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10 commandments rejected

July 13, 1999|By SCOTT BUTKI

Commissioners vote 3-2 against Ten Commandments display

A new push to put the Ten Commandments on a plaque in front of the Washington County Courthouse was narrowly rejected Tuesday, the fourth failed attempt for the controversial idea in 10 years.

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"I am disappointed but I have to accept the wisdom of the other commissioners," Commissioner Paul L. Swartz, who led the new effort to get the plaque, said after the meeting.

Swartz said he may try again at some point during his four-year term.

The vote was 3-2 with Swartz and William J. Wivell supporting the proposal. Commissioners President Gregory I. Snook and Commissioners John L. Schnebly and Bert L. Iseminger voted against it.

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"If we want to erect the Ten Commandments we have many marvelous sites in Washington County, like church yards, that are more appropriate than a public building," Schnebly said.

The commissioners said their vote does not mean they do not support the Ten Commandments. The tenets should be on residents' minds but not at their public court houses, Iseminger said.

County Attorney Richard Douglas warned the commissioners that if a plaque were installed the county probably would be sued and lose because under legal precedent it would violate a clause in the First Amendment.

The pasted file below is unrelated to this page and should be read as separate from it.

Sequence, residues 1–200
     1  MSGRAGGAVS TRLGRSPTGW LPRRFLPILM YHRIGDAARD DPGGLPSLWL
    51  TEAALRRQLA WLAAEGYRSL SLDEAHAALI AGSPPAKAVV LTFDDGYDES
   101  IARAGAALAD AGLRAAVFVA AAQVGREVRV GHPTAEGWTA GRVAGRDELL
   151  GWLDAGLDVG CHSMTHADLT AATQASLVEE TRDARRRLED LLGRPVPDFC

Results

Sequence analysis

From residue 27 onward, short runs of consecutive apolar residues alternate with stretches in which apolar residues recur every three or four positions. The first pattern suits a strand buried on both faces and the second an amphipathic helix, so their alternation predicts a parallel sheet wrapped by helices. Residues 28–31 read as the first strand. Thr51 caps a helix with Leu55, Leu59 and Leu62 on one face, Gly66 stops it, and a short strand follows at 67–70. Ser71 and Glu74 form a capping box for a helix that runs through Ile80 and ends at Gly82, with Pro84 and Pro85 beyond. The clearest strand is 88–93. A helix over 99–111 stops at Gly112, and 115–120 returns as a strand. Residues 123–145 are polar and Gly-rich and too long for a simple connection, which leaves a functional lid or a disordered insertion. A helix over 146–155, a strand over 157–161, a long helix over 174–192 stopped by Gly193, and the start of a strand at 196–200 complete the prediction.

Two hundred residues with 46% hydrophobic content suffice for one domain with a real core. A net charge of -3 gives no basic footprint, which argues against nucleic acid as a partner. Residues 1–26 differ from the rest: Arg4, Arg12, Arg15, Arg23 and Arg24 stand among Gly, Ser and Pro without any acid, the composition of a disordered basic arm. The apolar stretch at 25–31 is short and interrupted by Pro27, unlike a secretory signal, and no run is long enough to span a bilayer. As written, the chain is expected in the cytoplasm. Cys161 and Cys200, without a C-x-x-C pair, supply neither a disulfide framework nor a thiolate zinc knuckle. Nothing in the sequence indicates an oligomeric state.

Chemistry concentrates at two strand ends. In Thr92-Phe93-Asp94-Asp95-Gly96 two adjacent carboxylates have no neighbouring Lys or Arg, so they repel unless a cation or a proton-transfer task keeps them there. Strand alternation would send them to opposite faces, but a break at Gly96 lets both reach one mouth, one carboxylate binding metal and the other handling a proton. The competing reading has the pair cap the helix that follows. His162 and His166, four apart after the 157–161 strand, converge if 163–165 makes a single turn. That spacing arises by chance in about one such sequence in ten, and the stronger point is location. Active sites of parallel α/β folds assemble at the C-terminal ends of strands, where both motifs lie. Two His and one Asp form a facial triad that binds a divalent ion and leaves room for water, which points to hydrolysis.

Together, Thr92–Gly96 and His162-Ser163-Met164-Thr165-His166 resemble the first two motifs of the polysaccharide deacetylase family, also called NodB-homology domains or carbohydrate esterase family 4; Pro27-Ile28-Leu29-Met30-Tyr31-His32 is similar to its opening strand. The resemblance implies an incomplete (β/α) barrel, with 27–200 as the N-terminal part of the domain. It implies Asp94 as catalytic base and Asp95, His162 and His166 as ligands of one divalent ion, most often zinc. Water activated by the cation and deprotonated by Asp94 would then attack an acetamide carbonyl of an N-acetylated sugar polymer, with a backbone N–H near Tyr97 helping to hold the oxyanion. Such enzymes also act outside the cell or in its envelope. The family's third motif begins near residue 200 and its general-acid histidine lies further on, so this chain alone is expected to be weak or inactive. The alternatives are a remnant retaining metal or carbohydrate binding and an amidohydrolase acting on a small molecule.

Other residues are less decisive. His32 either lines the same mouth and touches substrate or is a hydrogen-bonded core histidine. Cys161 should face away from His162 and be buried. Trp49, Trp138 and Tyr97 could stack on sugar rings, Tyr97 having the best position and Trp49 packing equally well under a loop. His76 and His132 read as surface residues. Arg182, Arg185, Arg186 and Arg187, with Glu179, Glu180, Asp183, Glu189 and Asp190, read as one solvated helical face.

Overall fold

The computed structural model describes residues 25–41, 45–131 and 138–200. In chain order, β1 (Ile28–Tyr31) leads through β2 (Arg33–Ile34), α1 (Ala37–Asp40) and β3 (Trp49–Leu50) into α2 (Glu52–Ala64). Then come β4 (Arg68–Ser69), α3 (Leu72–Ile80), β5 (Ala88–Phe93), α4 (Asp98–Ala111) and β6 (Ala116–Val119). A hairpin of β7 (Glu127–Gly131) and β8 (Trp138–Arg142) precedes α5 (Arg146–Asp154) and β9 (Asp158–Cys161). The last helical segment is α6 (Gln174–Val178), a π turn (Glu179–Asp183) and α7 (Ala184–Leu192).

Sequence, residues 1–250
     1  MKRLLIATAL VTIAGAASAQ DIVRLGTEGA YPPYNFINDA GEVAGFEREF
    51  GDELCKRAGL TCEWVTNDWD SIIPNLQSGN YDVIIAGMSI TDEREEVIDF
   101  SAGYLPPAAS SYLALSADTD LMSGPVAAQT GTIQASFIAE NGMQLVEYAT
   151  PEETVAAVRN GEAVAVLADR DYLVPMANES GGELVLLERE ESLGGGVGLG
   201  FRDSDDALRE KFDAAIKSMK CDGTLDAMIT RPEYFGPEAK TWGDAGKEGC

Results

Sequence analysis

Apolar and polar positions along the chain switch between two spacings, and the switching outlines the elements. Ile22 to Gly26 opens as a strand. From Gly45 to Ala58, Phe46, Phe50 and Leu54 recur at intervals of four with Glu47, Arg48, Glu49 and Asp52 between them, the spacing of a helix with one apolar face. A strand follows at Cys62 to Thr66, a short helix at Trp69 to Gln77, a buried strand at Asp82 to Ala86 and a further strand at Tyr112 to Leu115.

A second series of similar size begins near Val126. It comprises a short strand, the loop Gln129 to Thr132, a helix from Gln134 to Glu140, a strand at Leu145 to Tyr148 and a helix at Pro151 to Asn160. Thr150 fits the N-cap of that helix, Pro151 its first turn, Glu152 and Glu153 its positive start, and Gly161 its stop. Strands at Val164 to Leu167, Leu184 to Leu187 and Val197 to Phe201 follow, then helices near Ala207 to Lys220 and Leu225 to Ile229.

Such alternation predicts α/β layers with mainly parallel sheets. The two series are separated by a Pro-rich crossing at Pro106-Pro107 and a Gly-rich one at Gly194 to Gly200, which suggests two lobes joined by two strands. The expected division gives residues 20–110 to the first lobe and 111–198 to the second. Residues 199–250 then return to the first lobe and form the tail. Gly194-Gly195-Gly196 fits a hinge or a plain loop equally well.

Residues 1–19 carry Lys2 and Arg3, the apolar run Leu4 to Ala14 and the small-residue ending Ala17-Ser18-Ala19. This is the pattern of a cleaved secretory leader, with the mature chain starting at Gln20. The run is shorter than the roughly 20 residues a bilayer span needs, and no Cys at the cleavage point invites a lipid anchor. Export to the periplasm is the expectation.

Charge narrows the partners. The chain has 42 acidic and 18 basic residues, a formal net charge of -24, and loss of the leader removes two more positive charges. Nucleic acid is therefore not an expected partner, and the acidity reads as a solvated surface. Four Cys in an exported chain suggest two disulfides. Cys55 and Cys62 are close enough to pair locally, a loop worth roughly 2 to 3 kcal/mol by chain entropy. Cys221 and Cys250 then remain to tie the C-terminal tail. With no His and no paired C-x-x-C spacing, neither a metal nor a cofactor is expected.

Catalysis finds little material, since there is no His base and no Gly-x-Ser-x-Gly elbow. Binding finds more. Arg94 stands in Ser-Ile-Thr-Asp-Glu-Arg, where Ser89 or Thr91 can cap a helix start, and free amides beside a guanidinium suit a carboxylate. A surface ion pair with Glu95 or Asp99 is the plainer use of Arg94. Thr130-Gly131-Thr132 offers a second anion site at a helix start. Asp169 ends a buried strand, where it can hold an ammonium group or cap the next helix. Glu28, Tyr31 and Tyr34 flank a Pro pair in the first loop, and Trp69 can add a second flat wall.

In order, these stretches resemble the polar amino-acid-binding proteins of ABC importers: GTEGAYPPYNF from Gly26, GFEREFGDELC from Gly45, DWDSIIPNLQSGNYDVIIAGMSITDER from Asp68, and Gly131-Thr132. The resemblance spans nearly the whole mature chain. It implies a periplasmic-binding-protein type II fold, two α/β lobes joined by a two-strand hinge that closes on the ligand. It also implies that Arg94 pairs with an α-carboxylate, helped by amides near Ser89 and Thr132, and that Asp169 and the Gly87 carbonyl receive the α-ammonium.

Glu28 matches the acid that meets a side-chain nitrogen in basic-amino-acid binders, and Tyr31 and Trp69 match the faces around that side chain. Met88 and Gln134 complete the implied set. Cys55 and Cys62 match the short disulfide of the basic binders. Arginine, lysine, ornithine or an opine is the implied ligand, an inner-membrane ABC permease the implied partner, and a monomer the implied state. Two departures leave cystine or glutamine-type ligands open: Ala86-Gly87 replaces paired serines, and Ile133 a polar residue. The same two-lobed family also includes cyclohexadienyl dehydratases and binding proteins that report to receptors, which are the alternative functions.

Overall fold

"I am not sure this is a matter that commissioners should take on. It is probably a matter that should be determined in the courts," Snook said. He is the only one of the five commissioners who was a commissioner in August 1998 when the issue was last considered.

At that time, the American Civil Liberties Union threatened to sue the county.

Plaque supporters, including Richard Renner of Hagerstown, accused the County Commissioners of being scared to take on the ACLU. They said that Christian conservative organizations might take on the case for the county for free.

An opponent of the idea said accepting such help would be a mistake. The County Commissioners should not act as a "front for the Christian right," said Sidney Bloom of Hagerstown.

Renner said during a 10-minute presentation that most of the people he knows support erecting the plaque.

"Why they are not here I don't know. Maybe they lack the moral courage," he said.

Renner said the County Commissioners need to remember that the idea of separation between church and state is not in the U.S. Constitution.

At one point, Hagerstown businessman Vince Dellaposta placed a $100 bill and a copy of the Constitution on a table and offered the money to anyone who could show him a reference to church and state separation in the Constitution.

Instead, Douglas quoted court precedent.

On Aug. 11, 1998, the County Commissioners voted 4-1 to hold a public hearing on a Ten Commandments proposal. On Aug. 25, the commissioners voted 5-0 to cancel the hearing.

The idea also was considered in 1989 and 1991.

Under Tuesday's proposal, the plaque would have been erected in memory of the late Judge Irvine J. Rutledge. His wife, Jeannette Rutledge, made a similar request last year and supports this push as well.

There would have been no taxpayer cost since the plaque would have been purchased and maintained by private donors.

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